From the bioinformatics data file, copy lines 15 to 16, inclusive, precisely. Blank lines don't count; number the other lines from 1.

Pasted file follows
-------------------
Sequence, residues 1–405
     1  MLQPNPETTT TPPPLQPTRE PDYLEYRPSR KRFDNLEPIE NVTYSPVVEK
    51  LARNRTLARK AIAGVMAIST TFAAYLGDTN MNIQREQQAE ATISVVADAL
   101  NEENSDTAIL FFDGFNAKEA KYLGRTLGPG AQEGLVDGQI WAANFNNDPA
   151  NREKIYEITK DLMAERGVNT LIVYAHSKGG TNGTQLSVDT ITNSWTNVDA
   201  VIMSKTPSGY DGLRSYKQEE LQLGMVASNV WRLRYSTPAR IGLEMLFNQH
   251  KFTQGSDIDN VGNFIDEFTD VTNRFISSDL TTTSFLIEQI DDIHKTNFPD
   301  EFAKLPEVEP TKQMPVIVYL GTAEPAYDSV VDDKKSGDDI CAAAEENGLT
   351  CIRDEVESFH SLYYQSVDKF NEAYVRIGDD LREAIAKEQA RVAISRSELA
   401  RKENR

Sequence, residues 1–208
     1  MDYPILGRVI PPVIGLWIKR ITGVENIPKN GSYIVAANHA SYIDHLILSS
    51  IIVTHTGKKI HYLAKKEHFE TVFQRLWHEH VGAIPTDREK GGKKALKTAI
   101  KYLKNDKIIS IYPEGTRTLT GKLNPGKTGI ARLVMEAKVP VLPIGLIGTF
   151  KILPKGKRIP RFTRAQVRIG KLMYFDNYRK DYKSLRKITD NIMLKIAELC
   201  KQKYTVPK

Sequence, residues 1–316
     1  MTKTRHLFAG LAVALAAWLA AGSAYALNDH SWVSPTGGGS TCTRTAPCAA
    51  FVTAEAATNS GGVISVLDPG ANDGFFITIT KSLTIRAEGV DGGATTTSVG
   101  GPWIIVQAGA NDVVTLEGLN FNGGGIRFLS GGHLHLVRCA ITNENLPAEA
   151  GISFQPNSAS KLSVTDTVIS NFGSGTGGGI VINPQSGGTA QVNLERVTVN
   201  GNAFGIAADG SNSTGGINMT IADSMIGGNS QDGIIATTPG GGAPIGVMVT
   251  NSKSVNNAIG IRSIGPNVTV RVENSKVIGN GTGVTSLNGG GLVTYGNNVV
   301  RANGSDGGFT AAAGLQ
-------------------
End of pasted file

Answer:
   151  KILPKGKRIP RFTRAQVRIG KLMYFDNYRK DYKSLRKITD NIMLKIAELC
   201  KQKYTVPK